July 21, 1991
The world is changed now, and I have to keep going.
July 21, 1991
It is a summer day. I’m with my family. We are staying at my Aunt and Uncle’s lodge and winery. A magical place. The logs are as big around as the wheels on our car. There are always delicious smells coming from the kitchen, and we laugh every day. When my Uncle Brian laughs, it booms into the walls and then bounces down into all of the rest of us. There are four little kittens that cause a lot of hilarity with their tumbling. There are four of us kids. Me, my brother David, and my cousins Katie and Molly. I’m the oldest at fourteen. We have family everywhere. My grandpa and his longtime girlfriend, aunts and uncles, my dad. It is my favorite thing, being surrounded by family. The other day we went whitewater rafting. A few nights ago we all camped out on the deck under the stars. The days are filled with kittens, water, good food, reading, and playing. This is what summer is supposed to be.
But my mom died this morning.
In a bed, in the room where she and I stayed together, in the lodge. She is there now. The Fairplay room. Pink and Purple antique wallpaper on the walls. Black and white, slightly blurry framed photos of smiling and not smiling faces watch us moving in the room. The space is an homage to nostalgia.
We are all here now. The room is filled with family. Quiet, stunned, and also relieved. Someone tells me that it is hardest for my grandpa. The hardest thing in the world is to lose a child, they tell me.
Someone asks us if we want to hug her. My brother looks at me. I shake my head, no. So does he. I tell myself it’s because she isn’t really here. She isn’t really here. Her lack is tangible. Even looking at her, still in the bed. She is not here.
We sit. And talk. And cry. And laugh. The laughter is real and deep. The tears are ever present.
A hazy edge is around all of us. Like a dream sequence in a movie.
If I’m honest, I’ve been planning for this day. Now it is here and that puzzle piece is placed. The picture is darker than it was before. But it is complete. Like we have all been waiting and now, we have landed.
Tonight I will start my diary differently. I will start it with, Dearest Mom…
July 27, 1991
Goodbye. I might write to you again, I might not. It just depends on how I like writing to Mom.
I am at Grandma and Grandpa’s right now, but you probably already know that. I hope you do. Mom, I can’t bear the thought of you going into another body here on earth anywhere, because I want you to be able to know everything we do, because I need to know that you are watching over me. I want you to see me on my first day of high school, and on my last day. Even without me writing to you about it. If you can arrange that, please do! If you can read this.
We are going to the Grunion Run tonight.
Mom, do you mind if I tell you about Robin (Dad’s girlfriend)? I hope you don’t mind. If you do, don’t read this part because I need to feel like I’m telling someone and I can’t always talk to David.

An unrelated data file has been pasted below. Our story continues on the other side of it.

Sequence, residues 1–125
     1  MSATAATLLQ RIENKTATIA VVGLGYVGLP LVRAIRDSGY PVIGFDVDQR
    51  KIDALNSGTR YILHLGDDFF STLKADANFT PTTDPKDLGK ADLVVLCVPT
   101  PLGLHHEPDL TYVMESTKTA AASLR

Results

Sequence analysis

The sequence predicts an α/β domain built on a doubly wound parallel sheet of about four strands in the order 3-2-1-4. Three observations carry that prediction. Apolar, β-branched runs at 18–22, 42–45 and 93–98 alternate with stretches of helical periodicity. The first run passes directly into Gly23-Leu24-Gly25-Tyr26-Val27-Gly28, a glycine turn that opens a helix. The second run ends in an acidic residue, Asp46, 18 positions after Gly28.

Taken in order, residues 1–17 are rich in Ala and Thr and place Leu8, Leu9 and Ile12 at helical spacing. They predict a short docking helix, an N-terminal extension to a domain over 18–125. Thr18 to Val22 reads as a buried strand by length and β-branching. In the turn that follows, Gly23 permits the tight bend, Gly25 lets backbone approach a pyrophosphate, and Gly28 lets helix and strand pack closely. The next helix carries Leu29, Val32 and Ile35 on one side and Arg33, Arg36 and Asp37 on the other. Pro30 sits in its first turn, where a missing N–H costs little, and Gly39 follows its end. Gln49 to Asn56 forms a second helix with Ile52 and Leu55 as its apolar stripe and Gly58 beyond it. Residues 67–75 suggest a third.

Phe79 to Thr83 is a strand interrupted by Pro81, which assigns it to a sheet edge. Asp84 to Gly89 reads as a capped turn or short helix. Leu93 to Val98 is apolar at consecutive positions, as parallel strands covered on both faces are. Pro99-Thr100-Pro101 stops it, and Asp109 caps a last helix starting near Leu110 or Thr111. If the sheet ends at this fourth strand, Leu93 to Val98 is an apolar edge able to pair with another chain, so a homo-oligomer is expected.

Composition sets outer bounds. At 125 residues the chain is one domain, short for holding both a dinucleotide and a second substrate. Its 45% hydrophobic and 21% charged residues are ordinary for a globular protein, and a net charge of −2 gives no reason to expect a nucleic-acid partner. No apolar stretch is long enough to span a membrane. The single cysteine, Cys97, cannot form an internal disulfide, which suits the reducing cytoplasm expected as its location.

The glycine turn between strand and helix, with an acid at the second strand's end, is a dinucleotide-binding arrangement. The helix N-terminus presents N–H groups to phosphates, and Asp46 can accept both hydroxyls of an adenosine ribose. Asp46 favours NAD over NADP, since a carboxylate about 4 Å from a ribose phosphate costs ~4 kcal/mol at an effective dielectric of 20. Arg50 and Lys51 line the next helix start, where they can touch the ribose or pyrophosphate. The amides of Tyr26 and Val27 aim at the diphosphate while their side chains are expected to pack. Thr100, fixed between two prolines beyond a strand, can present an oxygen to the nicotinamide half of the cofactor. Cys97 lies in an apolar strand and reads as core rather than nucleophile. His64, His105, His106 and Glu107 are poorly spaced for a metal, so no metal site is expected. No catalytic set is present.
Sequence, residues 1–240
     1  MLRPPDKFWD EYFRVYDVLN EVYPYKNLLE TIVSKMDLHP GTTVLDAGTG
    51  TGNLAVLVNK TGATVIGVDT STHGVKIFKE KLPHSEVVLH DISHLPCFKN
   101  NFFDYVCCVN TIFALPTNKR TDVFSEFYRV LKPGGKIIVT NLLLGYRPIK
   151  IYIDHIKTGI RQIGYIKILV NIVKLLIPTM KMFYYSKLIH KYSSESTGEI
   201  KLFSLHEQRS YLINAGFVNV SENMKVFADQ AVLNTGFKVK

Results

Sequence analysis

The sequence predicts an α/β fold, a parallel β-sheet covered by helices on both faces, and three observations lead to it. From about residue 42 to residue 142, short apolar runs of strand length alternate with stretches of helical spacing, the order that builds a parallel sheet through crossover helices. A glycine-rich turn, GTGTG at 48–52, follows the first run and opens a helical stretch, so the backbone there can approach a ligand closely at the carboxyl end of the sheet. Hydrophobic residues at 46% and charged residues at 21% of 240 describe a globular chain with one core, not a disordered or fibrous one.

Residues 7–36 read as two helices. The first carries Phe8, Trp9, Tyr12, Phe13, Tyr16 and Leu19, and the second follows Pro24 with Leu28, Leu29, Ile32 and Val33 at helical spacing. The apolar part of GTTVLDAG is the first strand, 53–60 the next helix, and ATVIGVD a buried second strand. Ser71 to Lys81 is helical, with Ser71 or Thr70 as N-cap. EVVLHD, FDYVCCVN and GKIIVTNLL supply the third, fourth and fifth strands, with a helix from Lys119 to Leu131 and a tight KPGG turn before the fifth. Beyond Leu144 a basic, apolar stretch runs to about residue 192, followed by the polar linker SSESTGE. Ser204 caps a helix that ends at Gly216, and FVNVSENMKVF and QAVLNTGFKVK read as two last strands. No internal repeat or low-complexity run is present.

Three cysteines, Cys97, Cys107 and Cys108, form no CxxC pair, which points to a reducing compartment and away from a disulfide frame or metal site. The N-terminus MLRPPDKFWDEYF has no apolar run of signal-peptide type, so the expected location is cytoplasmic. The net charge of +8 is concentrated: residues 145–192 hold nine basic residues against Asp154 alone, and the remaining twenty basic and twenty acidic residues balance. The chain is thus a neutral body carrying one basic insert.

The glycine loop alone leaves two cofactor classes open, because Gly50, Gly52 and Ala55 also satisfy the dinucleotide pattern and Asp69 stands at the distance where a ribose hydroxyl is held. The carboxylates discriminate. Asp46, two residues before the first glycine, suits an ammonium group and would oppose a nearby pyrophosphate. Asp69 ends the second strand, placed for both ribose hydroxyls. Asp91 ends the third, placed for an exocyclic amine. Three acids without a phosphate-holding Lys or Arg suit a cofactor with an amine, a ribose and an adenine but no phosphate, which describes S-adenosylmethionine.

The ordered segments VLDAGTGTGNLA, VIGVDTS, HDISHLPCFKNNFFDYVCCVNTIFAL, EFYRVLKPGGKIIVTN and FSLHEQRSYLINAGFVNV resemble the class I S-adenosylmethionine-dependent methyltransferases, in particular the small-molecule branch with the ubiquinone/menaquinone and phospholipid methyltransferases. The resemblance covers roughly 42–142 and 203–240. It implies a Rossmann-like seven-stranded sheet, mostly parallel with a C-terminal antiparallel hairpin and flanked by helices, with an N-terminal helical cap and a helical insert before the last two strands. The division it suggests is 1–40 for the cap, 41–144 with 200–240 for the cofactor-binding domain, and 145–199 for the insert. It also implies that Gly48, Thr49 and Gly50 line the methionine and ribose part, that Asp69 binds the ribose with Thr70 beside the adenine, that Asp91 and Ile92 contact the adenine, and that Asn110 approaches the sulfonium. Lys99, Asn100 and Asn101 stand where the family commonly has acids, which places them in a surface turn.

Robin is a really nice lady and I am glad she and Dad like each other. I would rather have you though rather than Robin. I know you knew her. I think you liked her. You and Dad were such good friends after your divorce. I'm really glad he got to be there with you when you died. He makes me so mad, but I'm glad you were friends.
Robin told me the other day that she really loves Dad.
I wonder if they will ever get married.
I share a room with Robin. I am in my room right now; the same room I was in with David when you and Dad had the other room, and I can hear Dad and Robin playing tennis.
Ok, you can read this now. I’m not going to talk about Robin anymore right now.
I should probably get up now. it is 10:17am. I’ll write more later.
August 4, 1991
The day after I wrote to you last, we went to the grunion run. Do you remember grunion runs from when you were a kid on the beach in Santa Barbara? Did lots of grunion wash up onto the beach back then, flipping and flopping in the dusk? There were hardly any grunion for us at all this time. David caught one, I caught one and Robin caught one.
The next day I remember going on a walk by myself and daydreaming and then going on a walk with Grandma. Grandma and I had a wonderful talk. We talked about you and I said two words - free and alive - to describe how I feel when a really good song comes on the radio. I think I am going to name a book of mine free and alive and dedicate it to you and Grandma. We talked about you being free and alive now, somewhere. I hope so. Dad doesn't believe people go anywhere after they die. Grandma does. I think you are somewhere, and I think you are also still kind of here. I feel like you are.
I haven’t told Olive yet about your death. I don’t know how to. I talked to her today.
I also talked to Bridget on the phone. We had a good cry together about you. She also gave me some good news. Her cancer is cured - absolutely cured! I am so glad. I just wish with all my heart that you had been as lucky as her. At least I think she is lucky. You might not but I do. I can't believe my friend who is my age had cancer at the same time that you had cancer. Cancer is stupid. I hate it so much. I'm really so glad that Bridget is cured.
I found a letter you wrote to John but didn’t finish. I guess you were too dizzy. Oh Mom, I wish SO SO SO much that you could answer me back as I write to you. I miss you more than you can probably imagine. Oh Mom I NEED you.
Well I guess I’ll read now then go to sleep. I love you mom, sleep well, very to the 10th power triple infinity times (like we always would say to each other before bed).